By Laura Long, FHL Advancement Board
Upon occasion we have the privilege of ever so gently helping someone toward their life goals. The Adopt-A-Student Program donations that offset student costs of attending classes at FHL do just that. When we enable a student to attend FHL programs, we know that our dollars are being leveraged into inspiring experiences for bright students from around the globe.
On August 21st, Rachel Anderson introduced Kevin Schofield and me to our "adoptees", Maya Groner and Peter Crockett. We had a relaxed conversation over lunch while enjoying the sun on the dining hall deck. It was especially interesting to find out about Maya's and Peter's journeys taking them to FHL and to ask what they see for themselves in the future.
Maya Groner, who grew up in Virginia, is a postdoc performing research at the Atlantic Veterinary College of the University of Prince Edward Island (UPEI). She received her Ph.D. from the University of Pittsburgh. Before taking her position at UPEI, Maya lived in Bellingham for a while and heard enough about the Labs that she wanted to take a FHL course whenever an opportunity presented itself. The funding for her salary at UPEI has budget for continuing education enabling her to come with added support from the FHL Adopt-A-Student program. She took the Ecology of Infectious Marine Disease FHL course this summer (see NSF Sponsored Ecology of Infectious Marine Disease Course article). This class was taught by Dr. Drew Harvell, Cornell University, Ecology and Evolutionary Biology, Dr. Steven Roberts, University of Washington, School of Aquatic and Fishery Sciences, and Dr. Carolyn Friedman, University of Washington, School of Aquatic and Fishery Sciences. Maya studied a pathogen affecting eelgrass and aspects of ocean acidification in this class.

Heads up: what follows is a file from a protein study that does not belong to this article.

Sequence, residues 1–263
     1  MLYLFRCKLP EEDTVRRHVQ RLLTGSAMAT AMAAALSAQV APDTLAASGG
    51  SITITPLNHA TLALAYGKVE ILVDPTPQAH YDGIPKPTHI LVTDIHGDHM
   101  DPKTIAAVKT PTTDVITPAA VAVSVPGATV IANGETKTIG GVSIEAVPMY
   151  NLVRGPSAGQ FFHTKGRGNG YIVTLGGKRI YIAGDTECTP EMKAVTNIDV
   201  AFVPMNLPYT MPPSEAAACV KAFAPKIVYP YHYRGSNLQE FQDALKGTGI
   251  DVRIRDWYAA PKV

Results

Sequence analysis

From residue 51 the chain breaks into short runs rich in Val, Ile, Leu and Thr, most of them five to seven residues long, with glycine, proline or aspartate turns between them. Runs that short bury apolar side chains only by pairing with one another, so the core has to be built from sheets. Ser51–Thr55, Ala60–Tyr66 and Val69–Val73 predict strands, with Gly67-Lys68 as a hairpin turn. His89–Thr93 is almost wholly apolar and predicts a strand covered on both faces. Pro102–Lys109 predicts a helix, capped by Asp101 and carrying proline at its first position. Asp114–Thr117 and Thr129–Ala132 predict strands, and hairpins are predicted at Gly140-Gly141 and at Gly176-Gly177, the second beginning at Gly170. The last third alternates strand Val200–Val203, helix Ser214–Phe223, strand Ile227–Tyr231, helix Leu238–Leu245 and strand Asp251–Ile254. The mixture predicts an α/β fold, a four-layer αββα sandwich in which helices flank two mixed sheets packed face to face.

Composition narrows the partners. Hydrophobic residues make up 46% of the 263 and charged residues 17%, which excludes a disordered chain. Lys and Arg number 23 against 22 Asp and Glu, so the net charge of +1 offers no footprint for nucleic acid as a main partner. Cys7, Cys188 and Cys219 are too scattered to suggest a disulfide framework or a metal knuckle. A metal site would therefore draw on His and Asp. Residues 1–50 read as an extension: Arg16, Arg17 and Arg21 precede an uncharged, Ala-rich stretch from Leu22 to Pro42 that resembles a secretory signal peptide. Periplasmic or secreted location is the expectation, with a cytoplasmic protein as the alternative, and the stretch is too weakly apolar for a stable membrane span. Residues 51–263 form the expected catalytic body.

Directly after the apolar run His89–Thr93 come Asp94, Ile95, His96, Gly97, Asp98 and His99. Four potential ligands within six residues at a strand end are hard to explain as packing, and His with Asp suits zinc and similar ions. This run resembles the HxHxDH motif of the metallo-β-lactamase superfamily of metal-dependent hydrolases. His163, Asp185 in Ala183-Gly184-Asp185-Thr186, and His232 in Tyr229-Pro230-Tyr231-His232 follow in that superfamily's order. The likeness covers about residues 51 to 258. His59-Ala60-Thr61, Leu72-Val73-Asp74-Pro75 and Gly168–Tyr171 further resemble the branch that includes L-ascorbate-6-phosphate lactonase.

Peter Crockett is earning his Masters of Philosophy-Marine Botany degree at the University of Melbourne. He took the Marine Algae course and at the time of our lunch, had just returned from a class visit to the waters at Port Renfrew on the southwestern side of Vancouver Island. This course was taught by Dr. Thomas F. Mumford, Marine Agronomics, Washington Department of Natural Resources (ret.), Div. of Aquatic Resources and Dr. J. Robert Waaland, University of Washington Biology Department. Peter observed that algae and everything else in our waters seems larger than those found in Australian waters, but their sharks seem larger to us! Peter loves Melbourne but also enjoys visiting the United States. He and his brother were planning to kayak our northwest waters after class ended. Both Peter and Maya are holding their options open for the future. They are in that wonderful phase of life where there are many interesting and challenging career path options.
You also can touch a life by contributing to the Adopt-A-Student program. FHL welcomes participation at many levels.
• A full scholarship covering tuition, supplies, room and board and travel is $5,000/student
• A partial scholarship of $1,000 or more adopts one or part of one student
• A donation of any size to this program, including air miles for transportation, is needed and will be very welcom3
When you provide a full or partial scholarship, you have the opportunity to meet your adoptee. If you are on island, Rachel introduces yo1.1 to your adoptee over lunch in the dining hall. If you are not on island, the student writes to you describing their interests and coursework. In either case, your life is enriched by this relationship. Bringing a bright student to FHL is always inspirational and can be life-changing experience for them. You can make this happen with your generosity. Contact Rachel Anderson at 360-378-2165, Ext. 2 or make an online donation.